We started off the 12 km trail with plenty of stops at first while we got use to it however once everyone got a hang of things learning the basic techniques, , we started moving ahead fast and it felt thrilling just like being a roller coaster. Sometimes when we encountered a narrow section steering presented more of a challenge, however overall the pace was good and made for a very enjoyable ride.
After a while we got to the open snow field with majestic mountains all around us making for a splendid view. Folks also go on a dog sledding northern lights tour in the evening to try chasing northern lights and I could imagine how that would have been a rewarding experience.
We were out for 1.5 hours sledding but we did stop for a quarter of an hour break in the middle of the mountains. Here you can switch the roles as driver and sitter as well as the opportunity to chat with the guide as well as getting to to know the dogs better.
I know what you are thinking, is it easy for the dogs to carry you? You can see they do struggle a little bit on steep uphill stretches, but they are well trained for this and the number of dogs chosen is based upon the weight they have to carry. All of us enjoyed spending some time with the huskies, and learning their names which I have now forgetton. Kishore on the left particularly enjoyed playing with the dogs. And of course we clicked lot of pictures as usual.
This was the first time I actually decided to be close to a dog, as I’d had a bad childhood experience being chased by a dog and I am still scared of them. I really loved seeing the energy and excitement of these huskies and tried to hug them, with a little hidden fear of course. I guess the padded winter suit helped elevate my confidence :).
It was such a fantastic memory, I bought myself a husky soft toy to act as my virtual guard dog, complete with a motion sensor attached to him.
After the 1.5-hour dog sledding adventure we were back at the camp which was beautifully lit up welcoming us for a hot drink in one of the Lavvos (tent like structures).
The Lavvo entrance reminded me of the Vikings and their boats from outside. This camp tent was very intriguing and a traditional Norwegian experience was waiting for us inside.
Inside was a complete contrast to the outside, with an amazing campfire and seating making this cosy experience just perfect after our freezing adventure. We were all seated on chairs with reindeer skin and were served some reindeer soup. The soup was unlimited and my friends manged 8 or so rounds as they had worked up quite an appetite sledding. What is even better? Gluten free bread was available for Marc who often has to skip these delicious food items, now you know who had the 8 rounds. At the same time, poor Kishore, being a vegan, found this experience a bit daunting with the animal skin and soup. So if you are sensitive to this you may want to skip this part. I personally found this heart and body warming and it was perfect moment to think a bit about the Vikings history.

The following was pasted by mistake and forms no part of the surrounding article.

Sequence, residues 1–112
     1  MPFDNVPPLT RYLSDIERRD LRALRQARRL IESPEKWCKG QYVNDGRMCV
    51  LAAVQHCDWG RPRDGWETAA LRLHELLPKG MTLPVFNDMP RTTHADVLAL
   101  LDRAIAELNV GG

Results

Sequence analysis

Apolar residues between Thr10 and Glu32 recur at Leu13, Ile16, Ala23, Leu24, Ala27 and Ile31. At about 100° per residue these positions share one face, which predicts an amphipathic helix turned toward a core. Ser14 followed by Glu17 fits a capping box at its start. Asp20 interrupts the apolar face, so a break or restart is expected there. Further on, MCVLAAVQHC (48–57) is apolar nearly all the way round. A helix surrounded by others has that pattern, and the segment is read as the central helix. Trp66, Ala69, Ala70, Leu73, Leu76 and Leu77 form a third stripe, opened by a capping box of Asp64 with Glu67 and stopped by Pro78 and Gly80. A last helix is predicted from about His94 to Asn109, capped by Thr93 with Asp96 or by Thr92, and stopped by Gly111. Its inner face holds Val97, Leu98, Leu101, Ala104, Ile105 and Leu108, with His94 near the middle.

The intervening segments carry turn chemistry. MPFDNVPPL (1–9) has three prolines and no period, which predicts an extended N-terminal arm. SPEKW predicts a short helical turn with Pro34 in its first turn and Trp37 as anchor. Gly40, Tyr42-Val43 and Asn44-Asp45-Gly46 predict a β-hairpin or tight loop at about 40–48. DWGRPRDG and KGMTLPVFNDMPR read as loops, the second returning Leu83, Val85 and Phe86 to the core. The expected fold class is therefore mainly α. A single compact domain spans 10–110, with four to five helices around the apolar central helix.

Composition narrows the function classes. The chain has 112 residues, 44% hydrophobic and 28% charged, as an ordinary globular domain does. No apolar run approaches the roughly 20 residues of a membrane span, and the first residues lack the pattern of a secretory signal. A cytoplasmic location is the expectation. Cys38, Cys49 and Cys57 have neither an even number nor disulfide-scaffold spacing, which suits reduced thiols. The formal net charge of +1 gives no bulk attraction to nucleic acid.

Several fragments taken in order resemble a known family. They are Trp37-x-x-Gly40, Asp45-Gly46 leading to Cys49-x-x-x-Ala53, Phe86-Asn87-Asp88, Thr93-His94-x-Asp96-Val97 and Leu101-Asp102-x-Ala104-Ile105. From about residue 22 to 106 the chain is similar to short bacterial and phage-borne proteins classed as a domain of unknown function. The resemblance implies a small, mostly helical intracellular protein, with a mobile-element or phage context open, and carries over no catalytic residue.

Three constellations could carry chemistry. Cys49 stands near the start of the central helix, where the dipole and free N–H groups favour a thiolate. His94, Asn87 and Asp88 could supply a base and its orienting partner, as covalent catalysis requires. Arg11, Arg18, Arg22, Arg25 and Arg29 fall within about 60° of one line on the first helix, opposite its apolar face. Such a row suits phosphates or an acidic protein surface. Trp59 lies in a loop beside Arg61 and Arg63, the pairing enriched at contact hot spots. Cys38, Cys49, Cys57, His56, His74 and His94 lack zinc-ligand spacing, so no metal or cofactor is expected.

I thought dog sledding was a very memorable adventure and fully worth the money we paid for it. It was a perfect Arctic day to remember, getting to experience the huskies and to sled in the ultimate cold weather. The whole team in Campo Tamok made this dog sledding experience very welcoming, comfortable and enjoyable.
Here are some top options from Get Your Guide, which is a great safe booking option as they fully refund you if you don’t make it.
- Warm woolen underwear or thermals – Merino wools
- Cap or bands to keep your ears warm
- Circle Neck Scarf
- Winter boots
- Ski pants- if you have not tried these before, skiing pants make your arctic adventure much more comfortable
- Action Camera
- Water bottle
My circular faux fur scarf from accessorize was a life saver for me during my trip to the Arctic. It helped a lot with keeping my head, neck and face warm when needed and I found it just perfect. I lent the scarf to another friend when she visited Tromso and she thought the scarf was a life saver too. I fully recommend it as it is one of my most important winter possessions, suiting any cold environment which I later tested out in Toronto Canada during winter as well.
This dog sledding adventure was done as part of my road trip to Arctic for ten days, including three days in Tromso in winter.
We mostly spent our nights Aurora chasing and exploring Tromso during the day time as we were on a road trip and rented car. If you don’t have a car I would advise going on an Aurora chase tour to try and maximise your chances. Also I think it is well worth taking the Funicular for a top view of Tromso and going for a whale watching experience as I mention in my guide.